Running a medical practice of any kind requires detailed recordkeeping to organize your patient information. Whether you’re starting a practice or adapting one to the developments in technology, you might have trouble delineating between the electronic health records available. For example, if you are operating outside of a hospital setting, you will likely store information in an ambulatory medical record.
Outpatient and non-hospital medical providers use this kind of electronic medical record to track patient data, treatment, and billing information. So, understanding this widely used system better could help streamline your recordkeeping for ambulatory care.
Read on for more about these medical records, or contact PracticeForces for some help with medical billing and coding services. We provide one of Florida’s top medical billing services to help you track patient expenses and much more.
AMRs Only Record Data From Outpatient Care
The first important distinction between an ambulatory medical record and hospital electronic health records is that they cater specifically to outpatient care.
The care can include anything from urgent care centers to a checkup at a doctor’s office. It can also include surgeries that don’t require overnight stays and other specialized treatments.
However, any in-patient treatment within a hospital will function on a separate medical record. The different levels of treatment provided in hospitals necessitate storing records separately. It also makes it easier for providers to track only necessary information.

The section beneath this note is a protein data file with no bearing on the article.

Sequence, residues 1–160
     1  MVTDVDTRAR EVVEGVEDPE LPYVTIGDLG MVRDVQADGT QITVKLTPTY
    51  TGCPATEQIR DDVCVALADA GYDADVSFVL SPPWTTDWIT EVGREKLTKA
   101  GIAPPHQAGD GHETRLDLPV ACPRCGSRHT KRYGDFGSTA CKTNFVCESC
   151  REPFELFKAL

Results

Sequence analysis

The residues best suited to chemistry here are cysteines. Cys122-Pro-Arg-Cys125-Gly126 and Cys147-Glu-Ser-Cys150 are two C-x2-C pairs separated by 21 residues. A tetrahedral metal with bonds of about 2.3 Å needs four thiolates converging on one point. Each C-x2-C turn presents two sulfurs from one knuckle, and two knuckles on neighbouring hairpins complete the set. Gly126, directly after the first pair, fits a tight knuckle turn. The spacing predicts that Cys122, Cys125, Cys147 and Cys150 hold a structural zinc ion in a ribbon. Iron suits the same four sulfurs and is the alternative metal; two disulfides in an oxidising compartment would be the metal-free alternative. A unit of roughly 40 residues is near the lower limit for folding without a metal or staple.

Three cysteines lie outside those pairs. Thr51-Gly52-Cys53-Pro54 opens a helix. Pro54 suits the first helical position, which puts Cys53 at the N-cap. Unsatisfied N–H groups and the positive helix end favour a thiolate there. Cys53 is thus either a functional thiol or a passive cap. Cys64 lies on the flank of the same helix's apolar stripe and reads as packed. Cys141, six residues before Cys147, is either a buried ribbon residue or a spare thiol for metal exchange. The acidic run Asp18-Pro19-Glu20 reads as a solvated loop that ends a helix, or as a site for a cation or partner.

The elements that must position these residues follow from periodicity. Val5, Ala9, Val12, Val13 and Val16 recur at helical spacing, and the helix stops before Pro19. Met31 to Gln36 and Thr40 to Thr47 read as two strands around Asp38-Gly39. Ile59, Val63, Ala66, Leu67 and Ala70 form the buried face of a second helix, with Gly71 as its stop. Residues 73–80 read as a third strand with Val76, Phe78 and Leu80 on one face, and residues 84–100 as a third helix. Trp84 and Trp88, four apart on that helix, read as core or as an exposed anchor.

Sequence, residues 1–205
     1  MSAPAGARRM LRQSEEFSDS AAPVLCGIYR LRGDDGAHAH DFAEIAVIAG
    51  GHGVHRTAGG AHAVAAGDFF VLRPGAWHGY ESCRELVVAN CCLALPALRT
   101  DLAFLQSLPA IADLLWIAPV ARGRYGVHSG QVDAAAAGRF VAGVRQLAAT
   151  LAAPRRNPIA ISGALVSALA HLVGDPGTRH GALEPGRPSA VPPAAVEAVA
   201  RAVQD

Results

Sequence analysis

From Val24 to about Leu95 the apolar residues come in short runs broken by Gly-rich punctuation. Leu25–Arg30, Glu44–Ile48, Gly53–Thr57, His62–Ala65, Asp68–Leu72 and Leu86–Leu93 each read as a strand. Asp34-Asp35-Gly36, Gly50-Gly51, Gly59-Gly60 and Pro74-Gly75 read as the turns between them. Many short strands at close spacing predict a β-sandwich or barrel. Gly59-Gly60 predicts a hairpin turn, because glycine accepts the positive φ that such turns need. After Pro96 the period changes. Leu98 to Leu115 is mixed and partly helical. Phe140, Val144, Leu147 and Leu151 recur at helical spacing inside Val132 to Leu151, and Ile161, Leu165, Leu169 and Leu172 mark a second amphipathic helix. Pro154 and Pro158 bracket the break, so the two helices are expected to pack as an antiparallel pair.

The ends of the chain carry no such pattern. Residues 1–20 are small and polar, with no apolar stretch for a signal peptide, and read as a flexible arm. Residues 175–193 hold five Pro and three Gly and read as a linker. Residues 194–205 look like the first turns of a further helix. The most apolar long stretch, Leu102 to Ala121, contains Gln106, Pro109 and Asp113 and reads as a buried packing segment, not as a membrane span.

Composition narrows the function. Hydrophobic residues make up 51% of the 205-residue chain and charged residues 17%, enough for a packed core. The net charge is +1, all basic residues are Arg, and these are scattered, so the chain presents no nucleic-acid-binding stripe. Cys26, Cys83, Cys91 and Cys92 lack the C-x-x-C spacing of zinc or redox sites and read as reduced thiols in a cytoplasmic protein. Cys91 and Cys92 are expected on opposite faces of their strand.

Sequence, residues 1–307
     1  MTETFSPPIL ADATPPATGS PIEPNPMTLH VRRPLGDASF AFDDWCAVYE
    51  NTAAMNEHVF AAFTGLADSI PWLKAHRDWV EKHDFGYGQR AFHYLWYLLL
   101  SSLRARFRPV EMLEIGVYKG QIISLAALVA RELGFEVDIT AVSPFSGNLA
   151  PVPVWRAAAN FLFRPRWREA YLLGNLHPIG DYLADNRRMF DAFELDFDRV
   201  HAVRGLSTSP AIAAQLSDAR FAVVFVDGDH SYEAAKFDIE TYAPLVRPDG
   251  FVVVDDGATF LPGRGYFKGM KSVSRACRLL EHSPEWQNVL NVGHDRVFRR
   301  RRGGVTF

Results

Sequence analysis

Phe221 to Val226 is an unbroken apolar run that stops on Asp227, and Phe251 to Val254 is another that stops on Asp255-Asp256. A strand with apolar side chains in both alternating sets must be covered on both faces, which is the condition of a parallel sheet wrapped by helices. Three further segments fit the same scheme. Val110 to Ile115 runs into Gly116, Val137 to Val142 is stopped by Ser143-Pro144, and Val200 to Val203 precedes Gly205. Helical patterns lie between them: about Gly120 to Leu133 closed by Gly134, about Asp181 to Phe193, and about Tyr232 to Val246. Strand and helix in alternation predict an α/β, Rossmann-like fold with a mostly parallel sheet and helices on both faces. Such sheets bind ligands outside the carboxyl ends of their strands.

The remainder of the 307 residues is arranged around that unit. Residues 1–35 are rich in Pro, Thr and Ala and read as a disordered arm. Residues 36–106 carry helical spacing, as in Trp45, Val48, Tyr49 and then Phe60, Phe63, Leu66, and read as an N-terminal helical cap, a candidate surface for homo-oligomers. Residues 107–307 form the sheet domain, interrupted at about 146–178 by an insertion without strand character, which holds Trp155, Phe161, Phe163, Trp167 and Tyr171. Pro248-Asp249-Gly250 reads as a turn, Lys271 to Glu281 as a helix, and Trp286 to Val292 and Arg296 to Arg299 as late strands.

Simpler, More Streamlined Records Than Hospital EHRs
During a hospital stay, care providers coordinate complex information and lots of it. Everything from lab reports and MRIs to surgical data will play a role in the hospital care a patient receives. Doctors and nurses in these settings need separate records to coordinate complex logistical and medical considerations.
Conversely, ambulatory medical records only track smaller treatment experiences. While a yearly checkup at the doctor’s office offers important information for care providers, storing it in the same place as a hip-replacement surgery gets confusing. Thus, ambulatory medical records use a separate system.
Improves Patient-Provider Relations
Ultimately, the goal of ambulatory medical records is to improve the patient-healthcare provider relationship and patient experience. That’s why many ambulatory medical records now come with an online portal to allow patients to make appointments, pay bills, and download their records.
It also provides caregivers with pertinent information for the patient’s treatment. Most medical care is ambulatory care, so storing these records separately helps all parties involved.
A Long-Term Picture of Patient Health
Finally, as outpatient treatment records accumulate, ambulatory medical care records create an overall picture of a patient’s long-term health. That way, doctors providing care can easily consult longitudinal data to ensure they are providing the best treatment possible.
Discover Medical Billing Solutions With PracticeForces
There are so many complex considerations involved in medical billing, from Institutional Billing vs. Professional Billing to keeping track of patient data. Why not streamline the process by working with PracticeForces? We work hard to help you maximize your practice’s profits, optimize workflows, and collect insurance earnings.
Do you need detailed help creating an ambulatory medical record with pertinent billing information? Call PracticeForces at (727) 202-5429 today!